Molecular mechanisms of bacterial resistance to silver ions are well known, especially in Gram-negative bacteria.12,13 The first described bacterial silver resistance occurred in 1975, in Massachusetts General Hospital. Gram-negative Salmonella Typhimurium, which caused the death of several burn ward patients, was the host of the pMG101 plasmid, a 180 kb construct with specific regions involved in bacterial resistance to silver ions.12,14 This type of resistance was called “exogenous silver resistance” by Randall et al.13 The sil region covers an operon of nine sil genes, gathered in three transcriptional units (silRS, silE, and silCFBAGP), each controlled by a separate promoter.13,15 Functions of proteins encoded by sil genes were determined after comparison of their structures to homolog components of the CusCFBA and PcoE system with a chromosome-encoded efflux pump involved in the transport of copper and silver ions.13,16 Despite that, the function of the SilG protein remains unknown. The transcription of sil genes is carried out by the SilS/SilR two-component regulatory system, made of membrane histidine kinase and a response regulator.12,17 Products of silA (inner membrane substrate-binding transporter), silB (membrane fusion protein), and silC (outer membrane protein) genes form a tripartite resistance–nodulation–division (RND) efflux pump, SilCFBA – a structure spanning both membranes, responsible for ejecting silver ions out of the cell (from cytoplasm or periplasmic space).12,14 The protein encoded by the SilP gene is a P-type ATPase located in the inner membrane. It transports all of the toxic Ag+ from cytoplasm to periplasmic space, where it can be captured and delivered to SilCFBA by periplasmic chaperone – SilE.15 A similar role is performed by another protein, encoded by the silF gene. It stops the uptake of silver ions from the environment, by binding Ag+ in periplasmic space and passing them to the efflux pump.14,16 The distribution of sil genes in pMG101 plasmid is presented in Figure 1. The presence of pMG101 in bacteria is not a requirement for changing their phenotypes to silver-resistant. Randall et al13 proved that silver ions exert selective pressure on bacterial cells treated during 6 days with silver ions (Ag+), causing point mutations in the bacterial (Escherichia coli) genome, e.g. in ompR or cusS genes, leading to the loss of their function. OmpR is a transcription factor of OmpC and OmpF – two outer membrane proteins, porins with a β-barrel structure, responsible for the transport of drugs and cations such as silver ions. CusS is a histidine kinase, a component of the regulatory system of chromosome-encoded efflux pump CusCFBA.12,17 As described by Randall et al,13 the examined bacteria became 6 times more resistant to silver ions. Randall et al13 proved that there were no changes in Staphylococcus aureus sensitivity to silver ions after 42 days of exposition to Ag+. Despite that, the occurrence of a single sil gene (silE) in staphylococci is possible but with an unknown function.18 Besides silver, resistance to mercury, tellurite and a few antibiotics such as streptomycin, chloramphenicol, tetracycline, and ampicillin are encoded on the pMG101 plasmid.12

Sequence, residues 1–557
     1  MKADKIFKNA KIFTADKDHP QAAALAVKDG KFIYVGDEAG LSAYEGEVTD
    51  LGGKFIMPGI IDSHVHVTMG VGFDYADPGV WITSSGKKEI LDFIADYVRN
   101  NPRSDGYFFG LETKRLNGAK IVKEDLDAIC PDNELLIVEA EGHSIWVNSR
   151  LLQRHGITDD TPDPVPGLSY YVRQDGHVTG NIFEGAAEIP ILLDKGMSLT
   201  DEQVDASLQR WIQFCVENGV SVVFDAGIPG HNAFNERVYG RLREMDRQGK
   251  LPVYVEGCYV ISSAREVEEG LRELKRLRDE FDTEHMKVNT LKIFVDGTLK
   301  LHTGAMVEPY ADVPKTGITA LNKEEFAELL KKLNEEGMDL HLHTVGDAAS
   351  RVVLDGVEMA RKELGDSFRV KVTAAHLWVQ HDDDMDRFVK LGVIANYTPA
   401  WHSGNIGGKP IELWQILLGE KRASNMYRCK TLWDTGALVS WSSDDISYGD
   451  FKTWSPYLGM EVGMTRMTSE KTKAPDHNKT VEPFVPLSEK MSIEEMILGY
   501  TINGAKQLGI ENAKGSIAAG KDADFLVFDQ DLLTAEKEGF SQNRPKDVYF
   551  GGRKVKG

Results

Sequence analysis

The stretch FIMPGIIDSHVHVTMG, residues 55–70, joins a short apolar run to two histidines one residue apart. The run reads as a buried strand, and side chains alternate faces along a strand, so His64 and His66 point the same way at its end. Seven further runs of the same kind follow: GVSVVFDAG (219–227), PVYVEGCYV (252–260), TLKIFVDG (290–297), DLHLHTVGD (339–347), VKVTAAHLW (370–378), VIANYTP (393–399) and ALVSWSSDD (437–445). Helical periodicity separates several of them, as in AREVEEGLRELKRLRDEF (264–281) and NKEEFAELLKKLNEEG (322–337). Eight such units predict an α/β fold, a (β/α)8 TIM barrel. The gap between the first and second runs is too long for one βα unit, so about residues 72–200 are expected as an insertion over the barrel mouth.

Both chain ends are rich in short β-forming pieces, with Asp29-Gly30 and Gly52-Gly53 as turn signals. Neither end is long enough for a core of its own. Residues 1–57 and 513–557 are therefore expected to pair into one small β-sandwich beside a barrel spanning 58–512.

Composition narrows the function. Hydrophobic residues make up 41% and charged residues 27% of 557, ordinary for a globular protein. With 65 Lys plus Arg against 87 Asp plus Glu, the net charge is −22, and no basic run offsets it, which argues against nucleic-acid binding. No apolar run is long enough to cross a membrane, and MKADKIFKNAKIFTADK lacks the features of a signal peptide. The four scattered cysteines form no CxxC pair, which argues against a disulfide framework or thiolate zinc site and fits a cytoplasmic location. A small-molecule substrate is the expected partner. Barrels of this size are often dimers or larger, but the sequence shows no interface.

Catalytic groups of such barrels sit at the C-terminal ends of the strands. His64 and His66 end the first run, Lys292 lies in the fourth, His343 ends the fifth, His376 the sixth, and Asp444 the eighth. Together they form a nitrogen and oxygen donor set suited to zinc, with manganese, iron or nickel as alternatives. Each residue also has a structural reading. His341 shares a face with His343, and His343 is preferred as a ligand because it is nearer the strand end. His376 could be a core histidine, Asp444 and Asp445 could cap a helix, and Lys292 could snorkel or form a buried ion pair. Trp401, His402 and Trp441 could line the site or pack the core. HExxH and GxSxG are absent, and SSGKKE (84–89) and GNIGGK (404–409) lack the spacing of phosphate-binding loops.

Figure 1 Map view. Distribution of sil genes in the plasmid pMG101 (created with SnapGene).